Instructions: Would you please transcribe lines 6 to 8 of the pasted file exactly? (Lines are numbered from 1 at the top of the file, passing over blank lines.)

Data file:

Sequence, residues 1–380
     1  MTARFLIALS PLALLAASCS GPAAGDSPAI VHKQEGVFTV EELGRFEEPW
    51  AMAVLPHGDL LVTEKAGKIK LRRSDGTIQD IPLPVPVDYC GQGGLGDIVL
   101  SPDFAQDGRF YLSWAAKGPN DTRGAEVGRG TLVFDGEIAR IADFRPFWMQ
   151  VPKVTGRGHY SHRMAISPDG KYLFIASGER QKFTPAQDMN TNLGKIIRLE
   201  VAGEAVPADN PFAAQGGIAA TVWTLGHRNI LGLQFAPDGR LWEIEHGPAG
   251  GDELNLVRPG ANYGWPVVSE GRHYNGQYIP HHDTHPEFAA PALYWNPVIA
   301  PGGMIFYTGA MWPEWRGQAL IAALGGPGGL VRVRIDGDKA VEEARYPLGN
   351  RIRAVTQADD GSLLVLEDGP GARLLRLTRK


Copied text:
   201  VAGEAVPADN PFAAQGGIAA TVWTLGHRNI LGLQFAPDGR LWEIEHGPAG
   251  GDELNLVRPG ANYGWPVVSE GRHYNGQYIP HHDTHPEFAA PALYWNPVIA
   301  PGGMIFYTGA MWPEWRGQAL IAALGGPGGL VRVRIDGDKA VEEARYPLGN